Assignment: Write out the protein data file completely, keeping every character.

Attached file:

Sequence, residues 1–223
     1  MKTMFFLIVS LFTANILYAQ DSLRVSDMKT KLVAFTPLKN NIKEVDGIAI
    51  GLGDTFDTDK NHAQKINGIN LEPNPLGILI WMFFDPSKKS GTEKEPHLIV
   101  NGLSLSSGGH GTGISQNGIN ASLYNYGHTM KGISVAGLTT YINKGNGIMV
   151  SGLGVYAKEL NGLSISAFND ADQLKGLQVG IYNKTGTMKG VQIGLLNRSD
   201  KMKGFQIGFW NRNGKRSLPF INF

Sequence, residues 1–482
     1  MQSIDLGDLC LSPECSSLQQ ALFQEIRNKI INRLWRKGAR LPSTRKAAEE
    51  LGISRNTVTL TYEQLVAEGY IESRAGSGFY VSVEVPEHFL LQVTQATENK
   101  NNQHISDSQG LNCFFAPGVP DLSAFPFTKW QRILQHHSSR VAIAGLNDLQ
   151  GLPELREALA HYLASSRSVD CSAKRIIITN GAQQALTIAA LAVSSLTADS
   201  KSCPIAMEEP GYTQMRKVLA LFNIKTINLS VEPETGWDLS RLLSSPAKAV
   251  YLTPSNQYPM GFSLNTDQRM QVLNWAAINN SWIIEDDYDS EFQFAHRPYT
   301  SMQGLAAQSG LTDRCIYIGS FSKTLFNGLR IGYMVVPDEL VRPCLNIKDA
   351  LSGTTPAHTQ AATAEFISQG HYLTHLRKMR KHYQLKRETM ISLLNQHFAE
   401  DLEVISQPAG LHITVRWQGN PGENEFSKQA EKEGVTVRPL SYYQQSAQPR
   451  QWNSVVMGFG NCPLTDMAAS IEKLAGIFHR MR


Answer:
Sequence, residues 1–223
     1  MKTMFFLIVS LFTANILYAQ DSLRVSDMKT KLVAFTPLKN NIKEVDGIAI
    51  GLGDTFDTDK NHAQKINGIN LEPNPLGILI WMFFDPSKKS GTEKEPHLIV
   101  NGLSLSSGGH GTGISQNGIN ASLYNYGHTM KGISVAGLTT YINKGNGIMV
   151  SGLGVYAKEL NGLSISAFND ADQLKGLQVG IYNKTGTMKG VQIGLLNRSD
   201  KMKGFQIGFW NRNGKRSLPF INF

Sequence, residues 1–482
     1  MQSIDLGDLC LSPECSSLQQ ALFQEIRNKI INRLWRKGAR LPSTRKAAEE
    51  LGISRNTVTL TYEQLVAEGY IESRAGSGFY VSVEVPEHFL LQVTQATENK
   101  NNQHISDSQG LNCFFAPGVP DLSAFPFTKW QRILQHHSSR VAIAGLNDLQ
   151  GLPELREALA HYLASSRSVD CSAKRIIITN GAQQALTIAA LAVSSLTADS
   201  KSCPIAMEEP GYTQMRKVLA LFNIKTINLS VEPETGWDLS RLLSSPAKAV
   251  YLTPSNQYPM GFSLNTDQRM QVLNWAAINN SWIIEDDYDS EFQFAHRPYT
   301  SMQGLAAQSG LTDRCIYIGS FSKTLFNGLR IGYMVVPDEL VRPCLNIKDA
   351  LSGTTPAHTQ AATAEFISQG HYLTHLRKMR KHYQLKRETM ISLLNQHFAE
   401  DLEVISQPAG LHITVRWQGN PGENEFSKQA EKEGVTVRPL SYYQQSAQPR
   451  QWNSVVMGFG NCPLTDMAAS IEKLAGIFHR MR